May 16 (UPI) -- The city of Boulder, Colo., banned the sale and possession of "assault" weapons this week as gun-control efforts in the state flagged earlier in the month.
The Boulder City Council voted unanimously Tuesday in support of a new ordinance that also bans bump stocks and magazines capable of carrying more than 10 rounds within city limits. The ordinance defines "assault" weapons as "semi-automatic firearms designed with military features to allow rapid spray firing for the quick and efficient killing of humans."
The council exempted law enforcement officials, members of the military, competitive shooters and people who hold federal firearm licenses. People who owns an assault-style weapon before June 15 may keep it if they pass a background check, obtain a certificate from the Boulder Police Department, designate a safe place to store the weapon and only possess the weapon at a gun shop or on their property. They also must report theft of the weapon within 48 hours.
The law goes into effect July 15 for the accessories and Dec. 31 for the semi-automatic firearms. By those deadlines, people who own the banned items must turn them in to authorities, break them so they won't work, get rid of them or obtain a city permit.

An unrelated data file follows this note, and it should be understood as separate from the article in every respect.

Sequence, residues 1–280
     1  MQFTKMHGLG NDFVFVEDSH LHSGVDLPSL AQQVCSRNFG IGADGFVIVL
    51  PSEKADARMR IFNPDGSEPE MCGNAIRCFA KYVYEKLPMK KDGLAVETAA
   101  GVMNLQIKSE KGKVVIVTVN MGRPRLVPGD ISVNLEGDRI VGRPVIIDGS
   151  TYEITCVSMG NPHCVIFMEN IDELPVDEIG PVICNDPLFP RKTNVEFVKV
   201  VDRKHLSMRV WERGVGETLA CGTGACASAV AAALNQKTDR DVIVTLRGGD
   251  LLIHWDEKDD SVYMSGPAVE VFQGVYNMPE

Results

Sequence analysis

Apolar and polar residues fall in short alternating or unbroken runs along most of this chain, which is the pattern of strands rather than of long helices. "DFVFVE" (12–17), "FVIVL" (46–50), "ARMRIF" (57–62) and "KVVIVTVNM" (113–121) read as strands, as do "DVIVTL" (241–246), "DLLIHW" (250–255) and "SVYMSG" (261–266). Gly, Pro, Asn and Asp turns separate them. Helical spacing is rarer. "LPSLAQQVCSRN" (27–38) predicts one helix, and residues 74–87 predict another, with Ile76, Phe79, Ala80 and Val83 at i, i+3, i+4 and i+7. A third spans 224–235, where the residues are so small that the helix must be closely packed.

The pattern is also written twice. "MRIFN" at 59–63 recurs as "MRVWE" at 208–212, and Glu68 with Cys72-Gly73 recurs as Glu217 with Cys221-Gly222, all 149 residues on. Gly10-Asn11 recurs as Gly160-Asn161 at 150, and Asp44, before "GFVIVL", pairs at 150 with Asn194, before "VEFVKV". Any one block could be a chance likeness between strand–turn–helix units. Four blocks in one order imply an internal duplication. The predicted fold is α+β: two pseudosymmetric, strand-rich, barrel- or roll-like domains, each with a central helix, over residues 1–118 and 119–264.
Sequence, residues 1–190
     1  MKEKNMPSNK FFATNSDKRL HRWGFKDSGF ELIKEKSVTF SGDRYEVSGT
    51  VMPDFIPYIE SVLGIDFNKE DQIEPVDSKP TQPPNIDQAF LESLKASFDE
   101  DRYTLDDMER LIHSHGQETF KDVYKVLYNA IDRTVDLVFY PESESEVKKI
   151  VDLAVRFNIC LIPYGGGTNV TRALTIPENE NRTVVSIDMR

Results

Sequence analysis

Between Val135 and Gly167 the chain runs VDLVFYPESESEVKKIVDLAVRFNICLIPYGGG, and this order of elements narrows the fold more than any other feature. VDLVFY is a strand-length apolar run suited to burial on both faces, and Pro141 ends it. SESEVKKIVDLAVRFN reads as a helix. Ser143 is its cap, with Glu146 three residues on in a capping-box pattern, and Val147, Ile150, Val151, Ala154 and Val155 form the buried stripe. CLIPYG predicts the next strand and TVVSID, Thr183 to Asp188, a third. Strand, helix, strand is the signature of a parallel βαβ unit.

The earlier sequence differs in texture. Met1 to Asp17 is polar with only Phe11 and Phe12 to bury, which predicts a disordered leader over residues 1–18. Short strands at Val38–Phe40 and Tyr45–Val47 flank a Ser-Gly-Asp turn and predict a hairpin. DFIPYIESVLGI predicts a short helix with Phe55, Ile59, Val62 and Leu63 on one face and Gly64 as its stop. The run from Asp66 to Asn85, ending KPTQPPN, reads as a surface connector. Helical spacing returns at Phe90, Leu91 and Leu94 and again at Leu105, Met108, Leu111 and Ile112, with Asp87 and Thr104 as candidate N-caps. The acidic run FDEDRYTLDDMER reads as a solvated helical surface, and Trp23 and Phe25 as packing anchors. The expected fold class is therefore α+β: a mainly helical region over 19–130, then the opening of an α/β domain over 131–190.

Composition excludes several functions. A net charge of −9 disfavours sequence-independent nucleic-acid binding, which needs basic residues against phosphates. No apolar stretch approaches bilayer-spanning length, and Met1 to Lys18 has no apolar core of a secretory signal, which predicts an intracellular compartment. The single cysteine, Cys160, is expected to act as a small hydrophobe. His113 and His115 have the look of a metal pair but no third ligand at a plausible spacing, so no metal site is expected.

Unlike the banned firearms, the bump stocks and high-capacity magazines will not be grandfathered in.
An attorney from Mountain States Legal Fund attended the council meeting and promised to sue city leaders over the new ordinance on behalf of an unnamed client.
"Innocent men and women are now criminals and Boulder's officials could not care less. Shame on them," the organization said on Twitter.
Council member Bob Yates wrote in a blog post that even though he is a gun owner, he voted for the ordinance because "it will make us incrementally safer."
"Because it will tell our ineffective state and federal legislators that cities will act when they fail to," he wrote. "And because it's the right thing to do."
Boulder's new law comes as the state failed to pass a so-called "red flag" gun warning bill, which would have allowed police and family members to ask a judge to have someone's gun temporarily removed.
A slew of gun-control measures have come up for vote in city councils across the country, and federal and state legislatures in the months since a mass shooting at Marjory Stoneman Douglas High School in Parkland, Fla., killed 17 people.